A month ago, could most North American plastics processors imagine that their business may be impacted by the Brexit vote?
Show of hands — how many really understood what Brexit was, and what the impact of a “leave” vote would be?
The June headlines about the United Kingdom's exit from the European Union, and the subsequent gyrations in stock prices, interest rates, currency valuations and some commodity products, were a major reminder that we're all in a global economy now.
OK, I admit, that's a no brainer. But what does it mean to North American processors?
First, should you have a Brexit strategy? With uncertainty in Europe, possibly for a few years, processors in North America could have some competitive advantages. Many are already anticipating benefits from plentiful low-cost shale gas, which is fueling big investment in the chemical sector, including resin manufacturing. And while the North American economies haven't exactly been booming, slow growth may start to feel pretty good if other markets around the world start to slump.
But consider this — the two presumptive major party candidates for U.S. president appear to have vastly different policies on global trade. The outcome of the November election could have a huge impact on the global economy.
Are processors prepared for the new trade and economic policies that either Hillary Clinton or Donald Trump would bring to the White House?
A year ago, I thought that the ballot issue that global plastics industry would be watching most closely in November would be the vote in California on whether to ban single-use plastic bags statewide. And I'd argue that's still got the potential to have a huge impact. The result could either accelerate or slow down the spread of bag bans around the United States, and around the world. And, if successful, it may embolden efforts to ban other plastic products.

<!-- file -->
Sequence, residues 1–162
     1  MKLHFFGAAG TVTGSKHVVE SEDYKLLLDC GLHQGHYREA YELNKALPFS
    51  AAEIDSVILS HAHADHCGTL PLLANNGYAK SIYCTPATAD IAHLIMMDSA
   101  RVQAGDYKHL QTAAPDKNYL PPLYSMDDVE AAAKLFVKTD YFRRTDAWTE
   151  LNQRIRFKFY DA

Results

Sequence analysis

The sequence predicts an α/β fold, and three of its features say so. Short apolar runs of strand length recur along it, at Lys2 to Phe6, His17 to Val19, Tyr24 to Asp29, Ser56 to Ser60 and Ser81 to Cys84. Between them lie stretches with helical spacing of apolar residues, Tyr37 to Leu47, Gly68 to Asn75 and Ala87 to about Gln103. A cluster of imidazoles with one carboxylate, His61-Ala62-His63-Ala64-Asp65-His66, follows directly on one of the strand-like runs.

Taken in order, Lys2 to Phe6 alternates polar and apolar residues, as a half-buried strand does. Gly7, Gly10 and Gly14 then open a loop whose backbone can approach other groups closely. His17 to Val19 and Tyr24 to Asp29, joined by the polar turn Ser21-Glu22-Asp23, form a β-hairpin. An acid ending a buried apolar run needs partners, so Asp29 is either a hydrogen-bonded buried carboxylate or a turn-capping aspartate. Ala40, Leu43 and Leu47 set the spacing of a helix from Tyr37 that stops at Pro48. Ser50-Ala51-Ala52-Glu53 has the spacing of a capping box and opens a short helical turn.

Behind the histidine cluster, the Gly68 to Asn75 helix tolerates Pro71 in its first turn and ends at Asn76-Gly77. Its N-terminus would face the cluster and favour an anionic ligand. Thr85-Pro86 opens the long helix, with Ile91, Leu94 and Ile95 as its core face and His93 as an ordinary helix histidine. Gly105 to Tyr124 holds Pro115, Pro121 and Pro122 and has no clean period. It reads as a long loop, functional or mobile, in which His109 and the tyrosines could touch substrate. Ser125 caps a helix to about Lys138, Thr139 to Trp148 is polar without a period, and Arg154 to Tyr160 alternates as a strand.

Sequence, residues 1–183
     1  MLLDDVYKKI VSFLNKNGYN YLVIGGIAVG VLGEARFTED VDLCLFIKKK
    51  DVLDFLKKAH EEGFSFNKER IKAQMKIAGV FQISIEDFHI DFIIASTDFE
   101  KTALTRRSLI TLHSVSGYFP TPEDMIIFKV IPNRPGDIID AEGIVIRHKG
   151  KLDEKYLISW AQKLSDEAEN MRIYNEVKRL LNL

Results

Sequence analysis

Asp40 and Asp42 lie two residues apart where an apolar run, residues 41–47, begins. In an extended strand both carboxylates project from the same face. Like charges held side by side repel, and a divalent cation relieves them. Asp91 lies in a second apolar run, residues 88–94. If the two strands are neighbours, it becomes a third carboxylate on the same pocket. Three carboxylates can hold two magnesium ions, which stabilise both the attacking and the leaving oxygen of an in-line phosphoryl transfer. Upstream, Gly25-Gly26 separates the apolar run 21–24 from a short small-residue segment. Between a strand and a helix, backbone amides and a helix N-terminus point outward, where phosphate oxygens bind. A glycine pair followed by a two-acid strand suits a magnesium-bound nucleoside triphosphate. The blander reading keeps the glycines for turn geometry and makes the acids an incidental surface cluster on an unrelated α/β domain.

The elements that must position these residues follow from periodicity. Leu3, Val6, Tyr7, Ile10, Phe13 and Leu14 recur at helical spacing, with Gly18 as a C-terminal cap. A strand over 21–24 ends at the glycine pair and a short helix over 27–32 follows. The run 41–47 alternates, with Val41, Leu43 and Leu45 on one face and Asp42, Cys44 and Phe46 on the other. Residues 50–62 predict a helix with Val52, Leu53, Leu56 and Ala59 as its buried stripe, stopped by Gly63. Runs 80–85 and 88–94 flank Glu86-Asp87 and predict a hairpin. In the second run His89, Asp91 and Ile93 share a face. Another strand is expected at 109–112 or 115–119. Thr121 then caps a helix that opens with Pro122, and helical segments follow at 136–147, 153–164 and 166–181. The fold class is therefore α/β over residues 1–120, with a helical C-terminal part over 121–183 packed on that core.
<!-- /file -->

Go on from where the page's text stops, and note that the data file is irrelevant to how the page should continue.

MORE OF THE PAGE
But as we get closer to Election Day, I've gradually become less entertained by this year's Presidential contest, and more concerned about the impact of the potential results.
It's going to be an interesting next five months. Processors should be prepared for any outcome — and remember, the smartest strategy may not be to just sit, watch and react later.
Highlighting plastics: A winning strategy?
The other election race I'm keeping a close eye on this year is Republican Sen. Ron Johnson's bid for reelection in Wisconsin.
You'll recall that Johnson was the CEO of Pacur LLC, an Oshkosh, Wis.-based sheet extruder, before he decided to run against three-term incumbent Democrat Sen. Russ Feingold back in 2010. And in a wave of anti-incumbent, Tea Party, mid-year election mayhem, Johnson pulled off a pretty big upset.
Now, six years later, Feingold wants his old seat back, so they're facing off again. But this time Johnson is the incumbent.
Senate races tend to be close in Wisconsin, which qualifies as a swing state — Johnson won just under 52 percent of the vote in 2010.
So is Johnson a comfortable incumbent now, running on his record in Washington? Not exactly. I've been amused by his first couple of television campaign advertisements. Instead of showing him walking the Capitol steps or chairing the Homeland Security and Governmental Affairs Committee, Johnson is seen back in the Pacur plant, standing next to an extruder, and rolls of plastic sheet.
In one, he holds up a photo from the 1970s, leaning against an extruder, and says: “Not only did I help install this machine, I also operated it, working 12-hour shifts at night.”
In the other ad, he asserts: “Career politicians manufacture hogwash. I manufacture plastic,” adding “Some companies export jobs. We export our products.”
It's refreshing to see a plastics company owner/executive emphasizing his manufacturing background so prominently. Johnson isn't running away from his plastics ties, he's actually highlighting them!
I'm eager to see if dairy state voters will send Johnson back to Washington this fall, or back to the plastics factory in Oshkosh.
Loepp is editor of Plastics News and author of “The Plastics Blog.” Follow him on Twitter @donloepp.